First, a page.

On October 26th, we suggested Occupy Wall Street needed some reinvention. The Occupy Oakland camp shutdown is forcing the evolution and it can and should be viewed as a good thing.
Several weeks ago I argued in “Occupy Wall Street: Could It Use Some Reinvention?” that the tactical efficacy of Occupy Wall Street’s park occupation had become futile and counter-productive, stating that the parks had become the movement’s vestigial organ. Admittedly, occupation had its purpose and its symbolic value was clearly effective, but the evictions and clashes with police were distorting the message as it was being transmitted to the middle and lower classes—those most likely to be sympathetic.
It was, in fact, the October 25th events at Occupy Oakland involving the police in riot gear, the gas canisters, the alleged concussion devices, Scott Olsen’s cracked skull and bloodied face, all precipitated by a battle cry from protesters to the effect of, “We’re going to retake the camp!”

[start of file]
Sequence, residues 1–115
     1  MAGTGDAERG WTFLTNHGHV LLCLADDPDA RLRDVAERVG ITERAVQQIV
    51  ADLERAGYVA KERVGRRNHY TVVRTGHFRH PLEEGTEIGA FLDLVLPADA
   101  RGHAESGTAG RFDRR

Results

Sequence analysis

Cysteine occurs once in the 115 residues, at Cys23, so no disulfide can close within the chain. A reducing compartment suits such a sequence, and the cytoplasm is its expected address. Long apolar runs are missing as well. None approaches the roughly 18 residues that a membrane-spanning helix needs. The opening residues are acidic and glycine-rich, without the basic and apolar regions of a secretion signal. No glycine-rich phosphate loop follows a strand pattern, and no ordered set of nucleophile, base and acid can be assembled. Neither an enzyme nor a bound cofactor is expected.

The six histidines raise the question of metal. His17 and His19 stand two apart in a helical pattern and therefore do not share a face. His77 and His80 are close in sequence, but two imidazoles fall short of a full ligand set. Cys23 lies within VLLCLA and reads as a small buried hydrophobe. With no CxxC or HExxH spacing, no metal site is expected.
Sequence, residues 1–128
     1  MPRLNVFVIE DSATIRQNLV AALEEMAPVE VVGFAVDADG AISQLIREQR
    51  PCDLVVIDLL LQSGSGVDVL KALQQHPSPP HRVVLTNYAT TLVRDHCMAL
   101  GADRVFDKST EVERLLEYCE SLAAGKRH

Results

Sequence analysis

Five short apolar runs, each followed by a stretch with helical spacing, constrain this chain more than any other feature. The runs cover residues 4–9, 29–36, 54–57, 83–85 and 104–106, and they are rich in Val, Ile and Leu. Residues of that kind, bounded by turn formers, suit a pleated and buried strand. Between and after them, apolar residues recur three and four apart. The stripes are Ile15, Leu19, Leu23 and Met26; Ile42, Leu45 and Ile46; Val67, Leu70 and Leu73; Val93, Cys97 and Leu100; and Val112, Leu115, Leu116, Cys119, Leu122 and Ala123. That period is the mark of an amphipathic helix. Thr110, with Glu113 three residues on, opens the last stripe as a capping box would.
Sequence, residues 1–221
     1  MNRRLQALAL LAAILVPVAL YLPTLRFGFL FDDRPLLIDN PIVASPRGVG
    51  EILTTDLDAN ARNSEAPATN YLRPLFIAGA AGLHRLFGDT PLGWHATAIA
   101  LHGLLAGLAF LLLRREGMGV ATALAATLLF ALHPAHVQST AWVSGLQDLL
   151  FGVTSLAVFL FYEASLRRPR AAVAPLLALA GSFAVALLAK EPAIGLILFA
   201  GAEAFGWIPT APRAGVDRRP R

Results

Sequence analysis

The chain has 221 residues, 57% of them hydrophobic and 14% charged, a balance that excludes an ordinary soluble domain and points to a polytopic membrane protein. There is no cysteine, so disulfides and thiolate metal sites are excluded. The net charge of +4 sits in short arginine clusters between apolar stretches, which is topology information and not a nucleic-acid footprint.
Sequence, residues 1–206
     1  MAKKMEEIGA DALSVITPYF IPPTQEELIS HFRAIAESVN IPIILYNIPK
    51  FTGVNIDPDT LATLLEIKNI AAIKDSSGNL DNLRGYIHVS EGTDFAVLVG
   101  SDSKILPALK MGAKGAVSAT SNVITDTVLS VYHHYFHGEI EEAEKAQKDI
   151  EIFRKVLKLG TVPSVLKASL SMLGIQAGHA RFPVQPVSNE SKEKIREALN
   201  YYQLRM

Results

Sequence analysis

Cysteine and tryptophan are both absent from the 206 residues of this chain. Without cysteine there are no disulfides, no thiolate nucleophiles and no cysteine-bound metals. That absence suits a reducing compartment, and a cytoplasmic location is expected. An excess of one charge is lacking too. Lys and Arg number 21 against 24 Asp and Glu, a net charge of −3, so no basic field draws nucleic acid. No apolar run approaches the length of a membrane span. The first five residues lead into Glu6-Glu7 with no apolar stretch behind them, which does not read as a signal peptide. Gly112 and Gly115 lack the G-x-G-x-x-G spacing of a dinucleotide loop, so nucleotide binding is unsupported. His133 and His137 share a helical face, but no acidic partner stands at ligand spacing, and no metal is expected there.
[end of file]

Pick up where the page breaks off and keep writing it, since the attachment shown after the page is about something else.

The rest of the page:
It was a lack of imagination. It was an act that was bound to trigger a forceful police response (not to excuse the police for one second, however).
This sort of conflict only serves to highlight the legality issues of occupying the park and really does not effectively communicate demands. Indeed, it only serves power. The discussion becomes, “They really can’t be here” or “It’s time to go” when it should be all about issues all the time.
The Occupy movement is open-source, amorphous, boundless and thus it is against its nature to remain confined to a given geographical space, such as a park. It has moved quite beyond those confines into the mass consciousness. It is aetheric. Why not disperse, create messages from anywhere at any time, then spontaneously re-group in the streets, or at the City Hall with velocity and critical mass? Keep the authorities on their toes, wondering where the supporters are located—everywhere and nowhere.
Occupy Oakland was at its best when it took to the streets and traveled to the Port of Oakland, the nation’s fifth busiest port, with the intention of occupying the area. There needs to be more temporary, spontaneous occupation. An open-source movement can, like the internet that engendered it, appear and disappear at will. It is the feedback loop lying between digital and biological.
As I noted in my previous article on Occupy’s need for reinvention, “Instead of seeing the park as the battlefield, do battle for the minds of Americans.”